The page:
This is not whisky.
The next whisky was a particular oddity, in that it can't technically be called whisky at all, at least not in the EU. The drink is Alberta Premium Dark Horse from Calgary in Canada. And 1% of it is made up of sherry which the folks at the distillery literally just pour in. So the sherry is not from the cask, but is 'teaspooned' instead. Because it isn't 100% whisky, that means we simply can't call it that, and also means it's unlikely to be imported here anytime soon.

We had a bottle though, and very cheap it was too - 29 Canadian dollars (£18). It had one or two strong supporters, but that was about it. Someone suggested it was reminiscent of wet cardboard, which after the full on carpet explosion of the previous dram, suggested his tastebuds weren't having a great run of things. It's 45% and, as is more common with Canadian whiskies, comes in a 75cl bottle rather than the typical 70.

Dad's Hat.
The night ended with another oddity. In this case, the world's only whiskey to be finished in vermouth barrels. The brand is Dad's Hat from Pennsylvania, a state once famous for whiskey but which has somewhat lost that reputation over the years.

This was herby on the nose and that wine influence seemed to come through more on the palate, along with a spiciness that certainly helped to make it very pleasant. It's 47% and is £55. Certainly worth seeking out, not least because of its uniqueness.

And that brought us almost to the close of another successful tasting. The only thing that remained was the dram of the night voting, and for the first time any of us could remember, it was the opening whisk(e)y of the evening which took the honours. There were no fewer than 13 votes for Kobal from the Windy City of Chicago.

Thanks to Tim for sourcing such an interesting range of drams for us all to try, to members old and new for another well-attended night, and to all at the Britons Protection for hosting us once again.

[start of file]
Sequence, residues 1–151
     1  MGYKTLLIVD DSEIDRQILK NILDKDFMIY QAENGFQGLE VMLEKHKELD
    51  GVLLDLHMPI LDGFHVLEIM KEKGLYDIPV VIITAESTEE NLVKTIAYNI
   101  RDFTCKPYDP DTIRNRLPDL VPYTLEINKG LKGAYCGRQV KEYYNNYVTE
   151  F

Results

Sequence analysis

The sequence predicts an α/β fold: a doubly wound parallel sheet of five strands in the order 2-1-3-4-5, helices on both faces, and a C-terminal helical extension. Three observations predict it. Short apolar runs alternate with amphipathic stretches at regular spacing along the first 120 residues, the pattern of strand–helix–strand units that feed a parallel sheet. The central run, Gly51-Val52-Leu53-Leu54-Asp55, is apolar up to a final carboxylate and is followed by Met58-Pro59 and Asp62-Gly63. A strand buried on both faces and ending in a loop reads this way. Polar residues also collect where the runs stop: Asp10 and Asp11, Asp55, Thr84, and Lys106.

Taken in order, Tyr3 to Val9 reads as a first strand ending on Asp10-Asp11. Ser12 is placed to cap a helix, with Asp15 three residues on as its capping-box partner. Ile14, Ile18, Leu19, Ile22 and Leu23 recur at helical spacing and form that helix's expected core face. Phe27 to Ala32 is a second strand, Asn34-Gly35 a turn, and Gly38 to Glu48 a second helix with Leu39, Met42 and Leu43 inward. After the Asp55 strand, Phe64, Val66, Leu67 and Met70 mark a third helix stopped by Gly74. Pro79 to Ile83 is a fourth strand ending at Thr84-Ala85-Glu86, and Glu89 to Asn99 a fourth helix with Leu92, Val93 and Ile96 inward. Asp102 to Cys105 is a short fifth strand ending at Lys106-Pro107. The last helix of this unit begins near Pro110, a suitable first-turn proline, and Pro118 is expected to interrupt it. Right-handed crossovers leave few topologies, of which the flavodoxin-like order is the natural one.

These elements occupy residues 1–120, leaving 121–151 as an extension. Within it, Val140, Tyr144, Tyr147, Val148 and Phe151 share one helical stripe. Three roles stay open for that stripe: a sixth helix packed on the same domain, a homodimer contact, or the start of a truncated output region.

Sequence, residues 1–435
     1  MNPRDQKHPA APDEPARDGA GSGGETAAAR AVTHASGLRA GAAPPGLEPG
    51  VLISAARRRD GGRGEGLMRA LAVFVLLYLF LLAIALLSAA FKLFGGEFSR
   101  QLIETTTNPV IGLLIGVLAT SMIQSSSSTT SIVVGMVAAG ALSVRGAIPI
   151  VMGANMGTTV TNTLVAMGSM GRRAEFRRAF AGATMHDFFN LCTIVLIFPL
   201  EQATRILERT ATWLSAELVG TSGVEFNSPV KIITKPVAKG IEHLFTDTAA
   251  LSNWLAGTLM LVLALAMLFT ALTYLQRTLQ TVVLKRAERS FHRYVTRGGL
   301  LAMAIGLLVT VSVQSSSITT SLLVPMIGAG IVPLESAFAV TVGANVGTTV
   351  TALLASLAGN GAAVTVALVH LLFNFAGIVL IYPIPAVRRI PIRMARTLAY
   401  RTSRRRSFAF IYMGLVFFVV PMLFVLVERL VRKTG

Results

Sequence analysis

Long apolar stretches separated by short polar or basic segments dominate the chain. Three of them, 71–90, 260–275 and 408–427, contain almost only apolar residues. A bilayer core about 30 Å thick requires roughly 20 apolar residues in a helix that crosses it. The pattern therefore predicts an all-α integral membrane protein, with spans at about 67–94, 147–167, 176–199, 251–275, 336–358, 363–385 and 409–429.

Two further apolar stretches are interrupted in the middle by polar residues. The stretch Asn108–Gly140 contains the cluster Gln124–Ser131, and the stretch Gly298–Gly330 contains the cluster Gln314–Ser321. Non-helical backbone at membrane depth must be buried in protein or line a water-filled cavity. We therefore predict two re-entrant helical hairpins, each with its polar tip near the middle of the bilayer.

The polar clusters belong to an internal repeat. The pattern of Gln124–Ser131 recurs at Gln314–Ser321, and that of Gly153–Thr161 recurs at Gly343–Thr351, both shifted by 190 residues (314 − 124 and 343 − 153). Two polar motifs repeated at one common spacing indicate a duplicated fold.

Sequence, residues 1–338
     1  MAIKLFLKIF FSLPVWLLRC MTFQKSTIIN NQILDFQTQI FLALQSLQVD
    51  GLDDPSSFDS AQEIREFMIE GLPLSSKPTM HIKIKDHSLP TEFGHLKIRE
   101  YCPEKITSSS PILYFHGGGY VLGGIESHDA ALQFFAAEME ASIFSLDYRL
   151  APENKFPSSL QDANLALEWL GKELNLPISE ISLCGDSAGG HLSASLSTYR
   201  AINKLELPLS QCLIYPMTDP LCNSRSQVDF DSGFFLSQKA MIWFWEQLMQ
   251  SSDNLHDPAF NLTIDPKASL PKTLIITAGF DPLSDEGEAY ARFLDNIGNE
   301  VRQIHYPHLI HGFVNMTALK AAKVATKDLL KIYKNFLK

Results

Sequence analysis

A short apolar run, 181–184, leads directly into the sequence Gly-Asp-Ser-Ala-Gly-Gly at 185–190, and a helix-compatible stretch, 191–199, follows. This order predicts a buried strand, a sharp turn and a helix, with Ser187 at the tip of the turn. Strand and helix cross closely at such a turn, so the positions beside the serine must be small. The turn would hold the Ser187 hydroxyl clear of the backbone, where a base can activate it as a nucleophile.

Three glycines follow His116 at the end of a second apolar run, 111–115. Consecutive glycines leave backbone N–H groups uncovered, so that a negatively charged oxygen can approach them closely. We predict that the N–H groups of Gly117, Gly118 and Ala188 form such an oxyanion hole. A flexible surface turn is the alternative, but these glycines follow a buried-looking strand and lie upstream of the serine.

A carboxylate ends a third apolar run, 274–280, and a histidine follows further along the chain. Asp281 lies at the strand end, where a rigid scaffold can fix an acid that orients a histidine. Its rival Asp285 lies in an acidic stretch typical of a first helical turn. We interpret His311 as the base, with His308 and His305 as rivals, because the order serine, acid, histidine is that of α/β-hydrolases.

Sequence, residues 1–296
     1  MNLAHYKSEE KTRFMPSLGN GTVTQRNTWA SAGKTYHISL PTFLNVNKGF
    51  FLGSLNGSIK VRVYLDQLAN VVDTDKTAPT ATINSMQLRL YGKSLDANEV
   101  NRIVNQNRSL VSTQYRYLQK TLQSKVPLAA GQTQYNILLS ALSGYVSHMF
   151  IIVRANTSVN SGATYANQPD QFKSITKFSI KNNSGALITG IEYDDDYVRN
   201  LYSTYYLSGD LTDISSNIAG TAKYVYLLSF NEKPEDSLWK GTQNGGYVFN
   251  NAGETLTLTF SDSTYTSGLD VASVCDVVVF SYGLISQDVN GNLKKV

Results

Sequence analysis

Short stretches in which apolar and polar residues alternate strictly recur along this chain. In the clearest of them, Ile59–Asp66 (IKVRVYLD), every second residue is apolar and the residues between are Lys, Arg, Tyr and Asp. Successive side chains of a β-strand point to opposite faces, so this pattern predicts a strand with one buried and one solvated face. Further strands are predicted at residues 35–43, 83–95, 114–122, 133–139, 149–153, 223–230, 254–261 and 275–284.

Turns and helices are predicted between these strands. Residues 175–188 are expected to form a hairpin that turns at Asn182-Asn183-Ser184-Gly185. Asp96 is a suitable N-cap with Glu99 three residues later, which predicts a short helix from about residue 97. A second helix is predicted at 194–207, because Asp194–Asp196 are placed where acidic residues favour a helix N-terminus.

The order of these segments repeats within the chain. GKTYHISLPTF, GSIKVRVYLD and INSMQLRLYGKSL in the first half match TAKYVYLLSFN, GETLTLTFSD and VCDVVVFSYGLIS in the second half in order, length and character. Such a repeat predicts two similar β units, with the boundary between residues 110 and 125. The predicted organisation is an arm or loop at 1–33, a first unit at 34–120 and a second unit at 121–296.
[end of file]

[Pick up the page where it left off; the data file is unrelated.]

Drinking whiskey and rye.

Monday, September 3, 2018

Wish You Were Beer

August's line-up of whiskies.
New club chairman Adam led the tasting for the first time in August, and he had a selection of paired whiskies and beers for us all to try. He also produced a club first - a PowerPoint presentation - to showcase the research he had put in to each of the chosen drinks, which Adam ran through after we'd tasted everything blind.

Teeling / Galway Bay
The effort was much appreciated as we got stuck into the first of the evening's 12 glasses. The opening pairing got us off to a stout beginning. The beer was clearly something black and chocolatey, although not all that strong. And the whisky, which tasted kind of familiar to many in the room, must have been finished in stout casks, we guessed.

This was a particularly close pairing as it turned out. The whisky was from club favourites Teeling, finished in casks from Galway Bay stout. The beer was also Galway Bay, their milk stout called Buried at Sea. The members' noses were certainly on point at this early stage of the evening, as sure enough the stout is a certainly drinkable 4.5% (it's £2.49 a bottle) while the Teeling Stout Cask is 46% and available for £40, again offering decent value. Perhaps best of all, nobody felt the need to break into a few bars of the song Galway Bay, although if Adam had saved this pairing until the end no doubt someone would have had a go at it.

Weller / Welde
Pairing two gave us a whisky that immediately put us in mind of a bourbon, with that classic sweetish, vanilla sort of flavour. The beer was what got more of us talking, in so much as it smelt terrible. Lots of people didn't like the nose at all, and that extended to the palate as well. "It tastes of regret" was one of the more charitable tasting notes, but certainly not inaccurate.

The bourbon in the bottle was from the Buffalo Trace family. As Adam explained, this is quite an extended family, with a huge range of brands familiar in the US (although perhaps less so here) all being produced at the distillery in Frankfort, the historic capital of Kentucky. This one was under the Weller name, and we liked it a lot. It's 45% although the price is highly variable because it's so scarce over here, so good luck getting hold of it. The beer, which evidently went down less well, was Bourbon Barrel Bock produced by German brewer Welde which spent time in bourbon, rum and tequila casks. At 6.6% and £2.49, you can probably give it a miss.

Glen Moray / Windswept
We finally visited Scotland for pairing three, and while the whisky seemed a little bland, it was certainly highly drinkable. "A young Speyside" was one guess from the membership, and indeed the distillery in question was also correctly identified! The accompanying beer was a strong brown ale, and we liked this one too.